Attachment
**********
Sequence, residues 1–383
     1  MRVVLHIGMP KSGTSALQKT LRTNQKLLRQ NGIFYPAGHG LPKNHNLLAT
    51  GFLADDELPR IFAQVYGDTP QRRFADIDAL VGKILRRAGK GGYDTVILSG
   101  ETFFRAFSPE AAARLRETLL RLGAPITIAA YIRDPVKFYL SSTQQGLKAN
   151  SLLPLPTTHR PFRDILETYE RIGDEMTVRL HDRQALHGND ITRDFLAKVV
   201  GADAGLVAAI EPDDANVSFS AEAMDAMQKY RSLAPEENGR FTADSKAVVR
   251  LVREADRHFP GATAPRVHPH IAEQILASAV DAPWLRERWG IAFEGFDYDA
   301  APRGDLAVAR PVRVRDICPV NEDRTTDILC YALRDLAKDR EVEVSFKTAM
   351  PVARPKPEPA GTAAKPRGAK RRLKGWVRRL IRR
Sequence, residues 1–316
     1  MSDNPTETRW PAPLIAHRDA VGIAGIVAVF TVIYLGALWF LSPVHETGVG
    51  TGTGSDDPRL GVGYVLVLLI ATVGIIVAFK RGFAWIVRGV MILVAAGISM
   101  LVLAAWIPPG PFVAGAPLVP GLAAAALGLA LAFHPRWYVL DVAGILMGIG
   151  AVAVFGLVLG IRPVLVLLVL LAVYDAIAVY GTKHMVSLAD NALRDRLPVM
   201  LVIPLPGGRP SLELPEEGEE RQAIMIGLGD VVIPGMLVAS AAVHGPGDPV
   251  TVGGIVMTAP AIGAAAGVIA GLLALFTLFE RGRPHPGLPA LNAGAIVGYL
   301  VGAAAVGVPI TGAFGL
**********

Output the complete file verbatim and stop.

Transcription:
Sequence, residues 1–383
     1  MRVVLHIGMP KSGTSALQKT LRTNQKLLRQ NGIFYPAGHG LPKNHNLLAT
    51  GFLADDELPR IFAQVYGDTP QRRFADIDAL VGKILRRAGK GGYDTVILSG
   101  ETFFRAFSPE AAARLRETLL RLGAPITIAA YIRDPVKFYL SSTQQGLKAN
   151  SLLPLPTTHR PFRDILETYE RIGDEMTVRL HDRQALHGND ITRDFLAKVV
   201  GADAGLVAAI EPDDANVSFS AEAMDAMQKY RSLAPEENGR FTADSKAVVR
   251  LVREADRHFP GATAPRVHPH IAEQILASAV DAPWLRERWG IAFEGFDYDA
   301  APRGDLAVAR PVRVRDICPV NEDRTTDILC YALRDLAKDR EVEVSFKTAM
   351  PVARPKPEPA GTAAKPRGAK RRLKGWVRRL IRR
Sequence, residues 1–316
     1  MSDNPTETRW PAPLIAHRDA VGIAGIVAVF TVIYLGALWF LSPVHETGVG
    51  TGTGSDDPRL GVGYVLVLLI ATVGIIVAFK RGFAWIVRGV MILVAAGISM
   101  LVLAAWIPPG PFVAGAPLVP GLAAAALGLA LAFHPRWYVL DVAGILMGIG
   151  AVAVFGLVLG IRPVLVLLVL LAVYDAIAVY GTKHMVSLAD NALRDRLPVM
   201  LVIPLPGGRP SLELPEEGEE RQAIMIGLGD VVIPGMLVAS AAVHGPGDPV
   251  TVGGIVMTAP AIGAAAGVIA GLLALFTLFE RGRPHPGLPA LNAGAIVGYL
   301  VGAAAVGVPI TGAFGL